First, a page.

The Purpose of Government

Pentecost 18 Saturday

Luke 16:8

“For the children of this world are craftier than the children of the light in their own generation.”

Just as the spiritual government or office should direct the people above themselves to God to do right and become blessed forever, so the secular government should rule the people beneath it and provide that body, goods, honor, wife, child, house, farm, and all possessions remain in peace and safety and are blessed on earth. For God wants the government of the world to be a type of the true blessedness and of his heavenly kingdom, as if the former were a mime or mask of the latter. In the government of this world, he lets his great saints be active, one better than the other, but David as the best of all. To be sure, God subjected and commended the secular government to reason because it is not to govern the salvation or eternal possessions of the soul, but only bodily and temporal possessions, which God subjects to man, Genesis 1:28. This is also why the gospel does not teach how this secular government is to be administered and rules; it only commands us to honor and not resist it. This is why the Pagans can talk and teach well about this, as they in fact did. And, let truth be told, they are far more skilled in this than the Christians, as Christ himself says in Luke 16:8, that the children of this world are craftier than the children of the light. And St. Paul says in 1 Corinthians 1:26-27 that not many are called who are wise, noble, and strong, but that God has chosen what is foolish, weak, and despised. We daily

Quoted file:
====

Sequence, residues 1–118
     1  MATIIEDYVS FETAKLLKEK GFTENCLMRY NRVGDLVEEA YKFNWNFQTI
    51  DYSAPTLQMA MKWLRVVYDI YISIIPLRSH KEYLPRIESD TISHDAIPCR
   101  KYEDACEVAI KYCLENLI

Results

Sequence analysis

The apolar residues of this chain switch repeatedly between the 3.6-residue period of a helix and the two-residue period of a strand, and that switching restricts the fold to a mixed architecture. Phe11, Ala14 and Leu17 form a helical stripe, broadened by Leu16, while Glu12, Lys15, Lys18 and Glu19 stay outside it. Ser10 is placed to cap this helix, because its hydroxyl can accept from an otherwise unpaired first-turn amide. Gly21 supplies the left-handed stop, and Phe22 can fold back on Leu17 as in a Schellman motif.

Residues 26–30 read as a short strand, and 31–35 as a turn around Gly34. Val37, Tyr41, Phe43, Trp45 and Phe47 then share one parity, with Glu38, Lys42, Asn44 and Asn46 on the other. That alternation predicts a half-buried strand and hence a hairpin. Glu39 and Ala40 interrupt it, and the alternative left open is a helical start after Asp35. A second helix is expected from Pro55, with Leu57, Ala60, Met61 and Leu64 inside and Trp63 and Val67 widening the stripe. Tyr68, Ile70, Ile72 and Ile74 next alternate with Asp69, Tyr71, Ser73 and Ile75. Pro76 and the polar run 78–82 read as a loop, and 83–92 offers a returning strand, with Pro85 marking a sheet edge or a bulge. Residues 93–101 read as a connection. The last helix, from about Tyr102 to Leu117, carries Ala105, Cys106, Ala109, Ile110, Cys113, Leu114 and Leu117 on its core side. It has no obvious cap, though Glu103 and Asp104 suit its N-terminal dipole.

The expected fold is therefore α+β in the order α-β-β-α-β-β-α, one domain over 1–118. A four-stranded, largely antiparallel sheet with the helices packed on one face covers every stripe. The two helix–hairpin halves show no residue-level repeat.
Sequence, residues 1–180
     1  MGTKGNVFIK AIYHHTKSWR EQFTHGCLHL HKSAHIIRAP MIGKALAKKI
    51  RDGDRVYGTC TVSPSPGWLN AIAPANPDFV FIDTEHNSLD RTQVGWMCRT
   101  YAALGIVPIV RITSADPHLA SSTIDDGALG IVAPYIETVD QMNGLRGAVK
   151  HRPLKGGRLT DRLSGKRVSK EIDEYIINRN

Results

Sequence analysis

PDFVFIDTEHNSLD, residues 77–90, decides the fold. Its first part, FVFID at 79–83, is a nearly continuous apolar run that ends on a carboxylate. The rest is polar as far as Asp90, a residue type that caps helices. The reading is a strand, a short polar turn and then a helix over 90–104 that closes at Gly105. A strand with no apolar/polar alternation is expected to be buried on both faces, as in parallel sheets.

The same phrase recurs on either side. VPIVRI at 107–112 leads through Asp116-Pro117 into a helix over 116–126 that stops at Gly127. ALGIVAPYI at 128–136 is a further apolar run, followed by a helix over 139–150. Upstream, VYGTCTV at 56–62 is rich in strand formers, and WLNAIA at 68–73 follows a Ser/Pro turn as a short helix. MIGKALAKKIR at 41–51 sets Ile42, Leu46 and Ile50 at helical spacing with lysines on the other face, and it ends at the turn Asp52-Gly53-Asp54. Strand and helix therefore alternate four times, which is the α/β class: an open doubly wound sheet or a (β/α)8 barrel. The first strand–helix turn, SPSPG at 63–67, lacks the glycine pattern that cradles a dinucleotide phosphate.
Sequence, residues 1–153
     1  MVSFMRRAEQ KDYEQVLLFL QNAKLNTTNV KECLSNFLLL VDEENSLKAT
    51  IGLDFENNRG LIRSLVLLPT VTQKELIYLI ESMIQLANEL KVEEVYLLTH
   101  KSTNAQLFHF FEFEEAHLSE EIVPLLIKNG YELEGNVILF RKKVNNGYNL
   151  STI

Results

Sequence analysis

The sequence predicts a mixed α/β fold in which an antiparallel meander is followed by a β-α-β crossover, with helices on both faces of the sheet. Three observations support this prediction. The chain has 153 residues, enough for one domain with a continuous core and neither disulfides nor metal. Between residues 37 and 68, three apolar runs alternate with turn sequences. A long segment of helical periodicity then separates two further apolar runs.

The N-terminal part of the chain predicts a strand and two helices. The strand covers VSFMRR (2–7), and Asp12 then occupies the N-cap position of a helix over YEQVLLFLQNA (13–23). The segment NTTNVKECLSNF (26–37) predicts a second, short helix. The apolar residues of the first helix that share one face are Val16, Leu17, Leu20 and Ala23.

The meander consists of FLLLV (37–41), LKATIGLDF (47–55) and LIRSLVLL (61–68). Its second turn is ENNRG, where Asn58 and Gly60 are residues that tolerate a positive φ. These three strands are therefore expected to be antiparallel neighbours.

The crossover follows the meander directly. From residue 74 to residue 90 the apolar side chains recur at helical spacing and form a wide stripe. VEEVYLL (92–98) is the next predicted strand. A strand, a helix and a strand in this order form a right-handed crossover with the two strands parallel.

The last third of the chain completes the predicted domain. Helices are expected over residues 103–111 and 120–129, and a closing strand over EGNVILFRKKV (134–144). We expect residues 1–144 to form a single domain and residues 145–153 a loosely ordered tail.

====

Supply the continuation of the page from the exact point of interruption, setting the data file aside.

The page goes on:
experience how swift, cunning, crafty, and nimble the children of the world are compared to us who are honest, dull, good, and simple minds and sheep. If God did not stand by us and turned their lofty wisdom into foolishness, they would have changed many things already before we had even noticed it. For God is a mild, rich Lord who distributes gold, silver, riches, dominions, kingdoms among the godless, as if it were chaff or sand. In the same way he also distributes among them great reason, wisdom, language abilities, and oratory, so that his dear Christians appear like children, fools, and beggars compared to them.

St. Louis ed., 5:856-857.

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